Wednesday, 18 April 2018
Social and Affordable Housing
I thank the Leas-Chathaoirleach. I am sorry that I am slightly out of breath. I have just returned from An Bord Pleanála where I attended in respect of the 3,500 units being developed at Poolbeg west, which is in Ringsend. Last week, it came to public attention that the receiver was appealing the requirement for 900 social and affordable units. There was an agreement on 18 May 2017 that there would be 900 social and affordable units on that site. It was written into the special development zone, SDZ, terms. It then followed that there was to be negotiations between the Department of Housing, Planning and Local Government, Dublin City Council and the receiver in respect of the delivery of the 550 units which are not covered by legislation. Unfortunately, nothing happened for ten months. At five minutes to midnight yesterday, the assistant CEO of Dublin City Council, Mr. Shakespeare, issued a letter saying that negotiations commenced at the weekend. The inaction and inactivity by the Department of Housing, Planning and Local Government, which says that social and affordable housing is a priority, is a joke. What is going on?
We are not only in a social housing crisis, but also an affordable housing crisis. The programme for Government states that an affordable housing scheme would be announced. There is an affordable loans scheme, but no affordable housing scheme. I have spent two days at An Bord Pleanála. I have raised this issue twice under Commencement matters in this House. The Minister of State, Deputy Damien English, told me 18 months ago that there was no need for a pilot scheme on affordable housing on the Poolbeg west or the old Irish Glass Bottle sites and that there would be a national programme. We have no national programme and we have no plans for affordable housing. We nearly lost, and may still lose, 550 units in a prime location 2 km from the city centre. We will have no integrated housing, rather we will have a dormant village in the heart of the city. That is poor planning.
This is at the Minister of State's door. I am sorry that neither the Minister of State, Deputy English, nor the Minister, Deputy Eoghan Murphy, is here because I am angry, as is the local community, but this goes much further than just Ringsend, Sandymount and Pearse Street. Affordable housing is a national issue. All we have heard from this Government is talk, but we have seen no action. Negotiations only began at five minutes to midnight with the likelihood of losing 550 units. That is unacceptable to me. We want to see action. This is in the Minister, Deputy Murphy's own back garden, yet we have seen no action from him. Do we not care about affordable housing and social housing? Certainly in the community in which I live, my neighbours feel that the Government no longer has any focus and only worries about the next headcount, which is getting bigger. Urban villages in this city are being destroyed due to a lack of planning, a lack of commitment from this Government and a lack of policy.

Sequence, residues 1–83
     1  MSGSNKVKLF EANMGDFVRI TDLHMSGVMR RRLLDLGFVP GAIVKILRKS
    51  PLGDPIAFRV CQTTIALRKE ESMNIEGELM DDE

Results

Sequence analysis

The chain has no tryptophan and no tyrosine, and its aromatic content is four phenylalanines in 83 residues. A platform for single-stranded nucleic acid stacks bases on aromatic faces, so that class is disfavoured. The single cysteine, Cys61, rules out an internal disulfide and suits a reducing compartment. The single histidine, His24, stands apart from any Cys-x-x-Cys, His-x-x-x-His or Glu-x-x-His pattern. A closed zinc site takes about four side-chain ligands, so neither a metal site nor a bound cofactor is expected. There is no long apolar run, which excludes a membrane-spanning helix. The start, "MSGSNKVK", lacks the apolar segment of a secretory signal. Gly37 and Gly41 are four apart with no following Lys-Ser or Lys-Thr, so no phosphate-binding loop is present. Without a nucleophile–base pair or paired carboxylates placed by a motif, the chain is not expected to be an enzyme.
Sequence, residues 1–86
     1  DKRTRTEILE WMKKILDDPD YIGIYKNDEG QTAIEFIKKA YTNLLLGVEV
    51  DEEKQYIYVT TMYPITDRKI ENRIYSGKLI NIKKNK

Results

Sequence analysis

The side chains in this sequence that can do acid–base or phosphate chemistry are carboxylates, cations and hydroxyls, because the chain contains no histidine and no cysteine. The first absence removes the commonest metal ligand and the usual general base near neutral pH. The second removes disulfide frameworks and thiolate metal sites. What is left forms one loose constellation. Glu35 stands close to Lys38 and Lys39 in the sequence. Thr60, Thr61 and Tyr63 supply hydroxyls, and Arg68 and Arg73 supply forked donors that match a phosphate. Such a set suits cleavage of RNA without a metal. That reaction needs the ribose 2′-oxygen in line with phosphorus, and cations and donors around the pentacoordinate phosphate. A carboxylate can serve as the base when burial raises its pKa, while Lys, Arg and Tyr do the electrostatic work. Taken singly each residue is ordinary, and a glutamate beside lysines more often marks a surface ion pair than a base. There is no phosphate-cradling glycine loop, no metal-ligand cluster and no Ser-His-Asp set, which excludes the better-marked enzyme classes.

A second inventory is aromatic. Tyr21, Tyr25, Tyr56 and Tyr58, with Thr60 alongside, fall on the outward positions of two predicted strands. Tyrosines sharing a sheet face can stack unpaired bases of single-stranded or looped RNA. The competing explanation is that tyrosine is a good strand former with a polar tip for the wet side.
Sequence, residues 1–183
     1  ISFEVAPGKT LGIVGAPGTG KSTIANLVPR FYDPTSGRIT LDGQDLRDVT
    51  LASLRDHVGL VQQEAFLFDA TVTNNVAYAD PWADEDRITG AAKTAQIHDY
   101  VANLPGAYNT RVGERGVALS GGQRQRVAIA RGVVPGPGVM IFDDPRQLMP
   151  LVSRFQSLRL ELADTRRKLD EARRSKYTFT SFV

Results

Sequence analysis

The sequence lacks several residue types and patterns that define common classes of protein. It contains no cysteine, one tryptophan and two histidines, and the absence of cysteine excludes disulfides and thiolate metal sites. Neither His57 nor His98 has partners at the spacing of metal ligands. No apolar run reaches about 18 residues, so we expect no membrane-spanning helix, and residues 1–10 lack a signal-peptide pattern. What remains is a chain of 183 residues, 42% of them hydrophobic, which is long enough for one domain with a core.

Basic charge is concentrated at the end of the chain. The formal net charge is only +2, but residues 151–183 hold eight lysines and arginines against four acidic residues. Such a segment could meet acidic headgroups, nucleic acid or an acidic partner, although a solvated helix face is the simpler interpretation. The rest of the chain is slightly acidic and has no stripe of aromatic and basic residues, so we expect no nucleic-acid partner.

I am sorry the Minister of State is here because it should be the Minister of State, Deputy English, or the Minister, Deputy Murphy, taking this debate. I know the Minister of State, Deputy English, has a pain in his head from listening to me talking about affordability in this city and I wonder if that is the reason he is not here today. We need action, not words.
I thank the Senator for raising this issue. First, it is encouraging to note recent media reports which suggest that the receiver has agreed to enter into negotiations with Dublin City Council on the provision of affordable housing on the site with the aim of entering into a binding agreement which will result in the provision of additional affordable units. I wish the parties well in their discussions and I know that the Minister, Deputy Murphy, and his Department are ready and available to support and encourage such engagement by providing the necessary policy clarity at the relevant and appropriate time.
It is worth clarifying that the Minister’s role in relation to the planning system is primarily to provide the policy and legislative framework to which planning authorities and An Bord Pleanála are obliged to have regard in the exercise of their statutory planning functions. Therefore, in respect of the appeal which has been made in relation to the planning scheme for the Poolbeg SDZ, it is ultimately a matter for An Bord Pleanála to determine this appeal and neither the Minister for Housing, Planning and Local Government nor his Department can be involved in the case.